ming movie reviews

in about 100 words or less

Behind the Screen (1916)

US 23m, B&W, Silent
Director: Charlie Chaplin; Cast: Charlie Chaplin, Eric Campbell, Edna Purviance

Behind the Screen is a satirical look at the early days of movie making seen through the eyes of an overworked stagehand during a workers strike. Taking advantage of the opportunity that the strike presents, an aspiring actress masquerades as a male labourer to infiltrate the studio. While many of the film’s comedic moments are slapstick, relying various movie props, such as Charlie’s one arm piano carry, the film’s best moments are delivered as situational comedy, such as the scene where Chaplin kisses Purviance while she is dressed as a man (Klaus Ming March 2019).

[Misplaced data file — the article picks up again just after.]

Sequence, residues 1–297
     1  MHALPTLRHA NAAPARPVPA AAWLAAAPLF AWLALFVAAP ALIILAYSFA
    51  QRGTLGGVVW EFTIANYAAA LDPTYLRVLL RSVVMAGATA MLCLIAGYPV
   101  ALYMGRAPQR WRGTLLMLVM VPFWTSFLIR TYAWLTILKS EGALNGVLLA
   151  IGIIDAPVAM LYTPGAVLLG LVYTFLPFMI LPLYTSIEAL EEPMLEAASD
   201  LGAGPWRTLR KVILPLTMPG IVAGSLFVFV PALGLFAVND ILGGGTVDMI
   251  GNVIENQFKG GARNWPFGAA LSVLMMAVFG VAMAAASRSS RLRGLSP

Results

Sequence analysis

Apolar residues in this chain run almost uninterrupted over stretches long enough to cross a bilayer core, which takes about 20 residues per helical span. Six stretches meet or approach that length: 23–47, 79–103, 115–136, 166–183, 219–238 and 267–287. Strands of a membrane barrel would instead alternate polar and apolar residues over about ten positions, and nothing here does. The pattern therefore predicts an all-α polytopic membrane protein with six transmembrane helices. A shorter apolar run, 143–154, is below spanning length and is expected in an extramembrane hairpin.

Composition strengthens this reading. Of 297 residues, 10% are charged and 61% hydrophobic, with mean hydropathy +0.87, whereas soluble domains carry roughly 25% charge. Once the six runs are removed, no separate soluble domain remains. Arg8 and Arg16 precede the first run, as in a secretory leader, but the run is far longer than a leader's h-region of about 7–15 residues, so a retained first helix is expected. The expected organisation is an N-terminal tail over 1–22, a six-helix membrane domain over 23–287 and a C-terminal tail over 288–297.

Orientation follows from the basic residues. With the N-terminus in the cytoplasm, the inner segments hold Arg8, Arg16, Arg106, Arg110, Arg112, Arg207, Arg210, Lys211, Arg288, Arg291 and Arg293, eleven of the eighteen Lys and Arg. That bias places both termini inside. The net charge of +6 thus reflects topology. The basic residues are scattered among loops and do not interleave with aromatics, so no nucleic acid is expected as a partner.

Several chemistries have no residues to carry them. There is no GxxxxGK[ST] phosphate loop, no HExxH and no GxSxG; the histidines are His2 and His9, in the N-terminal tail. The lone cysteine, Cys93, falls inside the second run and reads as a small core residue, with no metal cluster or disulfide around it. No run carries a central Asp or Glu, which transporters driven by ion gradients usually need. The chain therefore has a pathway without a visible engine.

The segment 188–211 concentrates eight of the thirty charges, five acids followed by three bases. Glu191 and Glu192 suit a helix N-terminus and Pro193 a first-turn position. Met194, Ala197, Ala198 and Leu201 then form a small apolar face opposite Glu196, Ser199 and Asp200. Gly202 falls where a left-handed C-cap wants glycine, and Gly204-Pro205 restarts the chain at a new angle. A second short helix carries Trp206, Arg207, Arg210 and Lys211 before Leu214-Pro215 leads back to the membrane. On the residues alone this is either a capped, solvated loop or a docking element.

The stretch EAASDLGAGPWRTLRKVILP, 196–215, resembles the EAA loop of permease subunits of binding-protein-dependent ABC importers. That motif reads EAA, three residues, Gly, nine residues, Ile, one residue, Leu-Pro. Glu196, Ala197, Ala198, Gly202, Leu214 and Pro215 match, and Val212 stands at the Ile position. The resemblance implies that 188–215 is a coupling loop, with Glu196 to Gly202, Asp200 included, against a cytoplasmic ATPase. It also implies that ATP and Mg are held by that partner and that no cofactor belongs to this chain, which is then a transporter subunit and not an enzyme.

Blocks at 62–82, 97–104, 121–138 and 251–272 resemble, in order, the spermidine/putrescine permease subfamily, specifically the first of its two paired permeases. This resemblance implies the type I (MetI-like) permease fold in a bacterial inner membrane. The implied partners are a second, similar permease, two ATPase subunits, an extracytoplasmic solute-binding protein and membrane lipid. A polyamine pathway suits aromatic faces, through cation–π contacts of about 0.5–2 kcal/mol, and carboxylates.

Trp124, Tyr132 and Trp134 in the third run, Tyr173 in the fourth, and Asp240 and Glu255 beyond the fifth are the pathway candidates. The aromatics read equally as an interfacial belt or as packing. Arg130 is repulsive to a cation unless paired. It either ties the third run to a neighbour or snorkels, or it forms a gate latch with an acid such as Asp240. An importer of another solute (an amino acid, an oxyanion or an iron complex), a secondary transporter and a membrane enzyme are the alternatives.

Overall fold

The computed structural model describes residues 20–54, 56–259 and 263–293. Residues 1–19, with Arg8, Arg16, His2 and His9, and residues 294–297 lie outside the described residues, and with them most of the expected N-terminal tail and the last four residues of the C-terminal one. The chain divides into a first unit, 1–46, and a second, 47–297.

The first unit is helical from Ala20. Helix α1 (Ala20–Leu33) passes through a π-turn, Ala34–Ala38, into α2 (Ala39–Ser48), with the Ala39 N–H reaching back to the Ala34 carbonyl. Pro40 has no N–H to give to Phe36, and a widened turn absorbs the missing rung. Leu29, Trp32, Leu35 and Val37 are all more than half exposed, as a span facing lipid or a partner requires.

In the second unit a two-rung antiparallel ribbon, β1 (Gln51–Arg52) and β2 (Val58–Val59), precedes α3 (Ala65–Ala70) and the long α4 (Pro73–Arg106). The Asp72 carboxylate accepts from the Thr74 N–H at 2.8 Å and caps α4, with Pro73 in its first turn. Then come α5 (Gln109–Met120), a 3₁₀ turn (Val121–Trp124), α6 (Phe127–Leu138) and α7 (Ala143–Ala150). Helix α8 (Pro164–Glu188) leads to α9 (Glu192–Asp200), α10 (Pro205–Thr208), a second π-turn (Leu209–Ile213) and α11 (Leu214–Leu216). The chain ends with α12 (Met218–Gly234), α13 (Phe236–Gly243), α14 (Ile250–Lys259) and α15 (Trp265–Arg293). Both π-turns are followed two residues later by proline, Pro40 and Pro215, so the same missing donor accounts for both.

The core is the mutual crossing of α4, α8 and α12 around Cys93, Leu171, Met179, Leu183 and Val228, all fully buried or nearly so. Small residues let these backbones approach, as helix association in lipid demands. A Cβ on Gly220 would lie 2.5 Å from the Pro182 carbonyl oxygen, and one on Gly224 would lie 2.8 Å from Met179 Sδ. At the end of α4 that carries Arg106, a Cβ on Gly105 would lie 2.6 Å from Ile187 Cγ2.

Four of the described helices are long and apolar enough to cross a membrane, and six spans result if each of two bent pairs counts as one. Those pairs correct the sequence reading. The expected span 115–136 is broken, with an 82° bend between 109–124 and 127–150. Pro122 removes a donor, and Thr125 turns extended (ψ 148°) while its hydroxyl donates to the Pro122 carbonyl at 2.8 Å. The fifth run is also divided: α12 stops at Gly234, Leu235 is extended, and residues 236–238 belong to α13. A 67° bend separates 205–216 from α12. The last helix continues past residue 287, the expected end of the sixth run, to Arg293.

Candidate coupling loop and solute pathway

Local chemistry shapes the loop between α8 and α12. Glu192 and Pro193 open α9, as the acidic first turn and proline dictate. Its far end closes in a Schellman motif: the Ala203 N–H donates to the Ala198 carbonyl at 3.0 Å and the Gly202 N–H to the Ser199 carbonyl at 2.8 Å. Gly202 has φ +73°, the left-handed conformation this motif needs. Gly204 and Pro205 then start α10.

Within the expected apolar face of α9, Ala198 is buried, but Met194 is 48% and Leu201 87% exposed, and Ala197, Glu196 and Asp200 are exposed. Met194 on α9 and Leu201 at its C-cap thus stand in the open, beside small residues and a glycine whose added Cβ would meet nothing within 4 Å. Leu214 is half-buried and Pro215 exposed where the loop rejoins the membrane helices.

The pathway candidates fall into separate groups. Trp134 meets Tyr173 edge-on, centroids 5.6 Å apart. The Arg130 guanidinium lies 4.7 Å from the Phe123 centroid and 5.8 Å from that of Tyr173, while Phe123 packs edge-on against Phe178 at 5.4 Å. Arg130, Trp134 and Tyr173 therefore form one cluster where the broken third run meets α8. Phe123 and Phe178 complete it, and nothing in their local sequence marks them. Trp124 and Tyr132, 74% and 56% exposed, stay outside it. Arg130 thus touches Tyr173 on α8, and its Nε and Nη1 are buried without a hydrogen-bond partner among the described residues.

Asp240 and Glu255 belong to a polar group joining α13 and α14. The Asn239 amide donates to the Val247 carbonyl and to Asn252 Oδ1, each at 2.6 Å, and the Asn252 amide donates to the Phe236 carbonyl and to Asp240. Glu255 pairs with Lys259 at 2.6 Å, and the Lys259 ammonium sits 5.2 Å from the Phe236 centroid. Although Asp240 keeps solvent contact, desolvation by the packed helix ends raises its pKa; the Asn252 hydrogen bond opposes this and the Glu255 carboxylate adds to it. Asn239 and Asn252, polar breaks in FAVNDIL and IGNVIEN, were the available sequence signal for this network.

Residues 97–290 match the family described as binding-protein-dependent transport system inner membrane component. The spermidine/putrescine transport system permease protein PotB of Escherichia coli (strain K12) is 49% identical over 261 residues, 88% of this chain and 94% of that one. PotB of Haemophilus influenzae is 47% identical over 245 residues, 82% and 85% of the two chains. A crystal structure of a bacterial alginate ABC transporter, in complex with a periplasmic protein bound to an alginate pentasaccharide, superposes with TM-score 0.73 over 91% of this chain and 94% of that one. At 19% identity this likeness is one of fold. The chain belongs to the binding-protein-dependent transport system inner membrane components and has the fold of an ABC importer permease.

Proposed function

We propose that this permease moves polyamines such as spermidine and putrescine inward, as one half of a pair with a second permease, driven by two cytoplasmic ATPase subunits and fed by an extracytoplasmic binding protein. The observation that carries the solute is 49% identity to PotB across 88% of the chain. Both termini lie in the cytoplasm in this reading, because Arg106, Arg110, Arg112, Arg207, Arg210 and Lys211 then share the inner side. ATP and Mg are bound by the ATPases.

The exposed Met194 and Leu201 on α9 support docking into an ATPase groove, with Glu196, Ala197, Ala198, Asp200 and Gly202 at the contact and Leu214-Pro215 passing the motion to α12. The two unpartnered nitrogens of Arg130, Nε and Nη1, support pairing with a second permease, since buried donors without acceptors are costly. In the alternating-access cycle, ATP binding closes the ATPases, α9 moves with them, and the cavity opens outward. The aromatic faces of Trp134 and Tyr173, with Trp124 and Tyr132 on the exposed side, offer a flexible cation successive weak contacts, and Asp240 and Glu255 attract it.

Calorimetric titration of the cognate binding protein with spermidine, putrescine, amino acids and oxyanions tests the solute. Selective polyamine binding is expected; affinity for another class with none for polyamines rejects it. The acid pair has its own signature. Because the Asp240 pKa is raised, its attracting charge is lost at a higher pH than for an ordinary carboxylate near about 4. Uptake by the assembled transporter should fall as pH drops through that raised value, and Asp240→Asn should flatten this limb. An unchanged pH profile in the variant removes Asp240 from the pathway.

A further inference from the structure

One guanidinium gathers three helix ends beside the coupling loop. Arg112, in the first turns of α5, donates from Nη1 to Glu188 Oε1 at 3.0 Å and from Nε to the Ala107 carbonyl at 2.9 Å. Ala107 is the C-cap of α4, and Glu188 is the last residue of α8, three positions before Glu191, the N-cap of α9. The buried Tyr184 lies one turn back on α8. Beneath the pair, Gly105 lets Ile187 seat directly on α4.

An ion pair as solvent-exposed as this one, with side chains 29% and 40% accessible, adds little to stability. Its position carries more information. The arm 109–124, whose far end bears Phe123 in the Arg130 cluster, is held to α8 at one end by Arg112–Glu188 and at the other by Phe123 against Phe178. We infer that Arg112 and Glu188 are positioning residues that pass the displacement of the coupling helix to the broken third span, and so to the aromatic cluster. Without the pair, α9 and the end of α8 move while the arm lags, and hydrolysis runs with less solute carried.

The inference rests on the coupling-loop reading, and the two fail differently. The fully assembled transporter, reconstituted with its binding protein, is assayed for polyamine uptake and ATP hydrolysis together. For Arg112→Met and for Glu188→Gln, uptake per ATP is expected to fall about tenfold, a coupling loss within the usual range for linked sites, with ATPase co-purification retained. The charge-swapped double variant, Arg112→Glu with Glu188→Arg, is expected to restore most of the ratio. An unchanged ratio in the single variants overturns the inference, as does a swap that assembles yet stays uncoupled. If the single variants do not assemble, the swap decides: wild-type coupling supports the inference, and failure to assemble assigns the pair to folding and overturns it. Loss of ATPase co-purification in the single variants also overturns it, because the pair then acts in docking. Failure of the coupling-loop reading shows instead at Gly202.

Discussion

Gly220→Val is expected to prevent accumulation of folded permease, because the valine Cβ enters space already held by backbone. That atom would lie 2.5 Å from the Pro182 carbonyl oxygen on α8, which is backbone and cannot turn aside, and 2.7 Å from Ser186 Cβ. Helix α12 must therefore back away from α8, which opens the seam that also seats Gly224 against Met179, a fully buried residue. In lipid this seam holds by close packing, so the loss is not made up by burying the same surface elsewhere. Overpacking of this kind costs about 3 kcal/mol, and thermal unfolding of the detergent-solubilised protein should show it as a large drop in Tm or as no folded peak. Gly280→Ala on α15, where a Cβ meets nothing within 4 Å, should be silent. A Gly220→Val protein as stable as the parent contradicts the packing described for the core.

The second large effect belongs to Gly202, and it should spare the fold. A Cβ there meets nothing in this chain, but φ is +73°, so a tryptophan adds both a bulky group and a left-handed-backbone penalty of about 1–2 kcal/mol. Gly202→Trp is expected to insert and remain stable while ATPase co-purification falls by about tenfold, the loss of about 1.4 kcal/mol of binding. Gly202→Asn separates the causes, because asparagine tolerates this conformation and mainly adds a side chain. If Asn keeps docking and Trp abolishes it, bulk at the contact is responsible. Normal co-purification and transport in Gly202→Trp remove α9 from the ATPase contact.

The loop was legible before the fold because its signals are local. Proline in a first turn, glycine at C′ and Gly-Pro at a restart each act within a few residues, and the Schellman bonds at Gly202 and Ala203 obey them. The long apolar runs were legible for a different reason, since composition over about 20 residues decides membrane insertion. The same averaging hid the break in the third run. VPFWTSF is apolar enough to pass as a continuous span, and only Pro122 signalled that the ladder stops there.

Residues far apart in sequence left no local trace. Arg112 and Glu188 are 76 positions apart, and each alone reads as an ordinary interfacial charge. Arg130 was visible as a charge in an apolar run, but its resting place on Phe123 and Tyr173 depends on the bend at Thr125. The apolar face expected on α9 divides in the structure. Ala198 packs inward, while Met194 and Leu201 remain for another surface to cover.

Leave a Reply

Fill in your details below or click an icon to log in:

WordPress.com Logo

You are commenting using your WordPress.com account. Log Out /  Change )

Twitter picture

You are commenting using your Twitter account. Log Out /  Change )

Facebook photo

You are commenting using your Facebook account. Log Out /  Change )

Connecting to %s


This entry was posted on 03/20/2019 by in 1910s, All, Unlisted and tagged .
%d bloggers like this: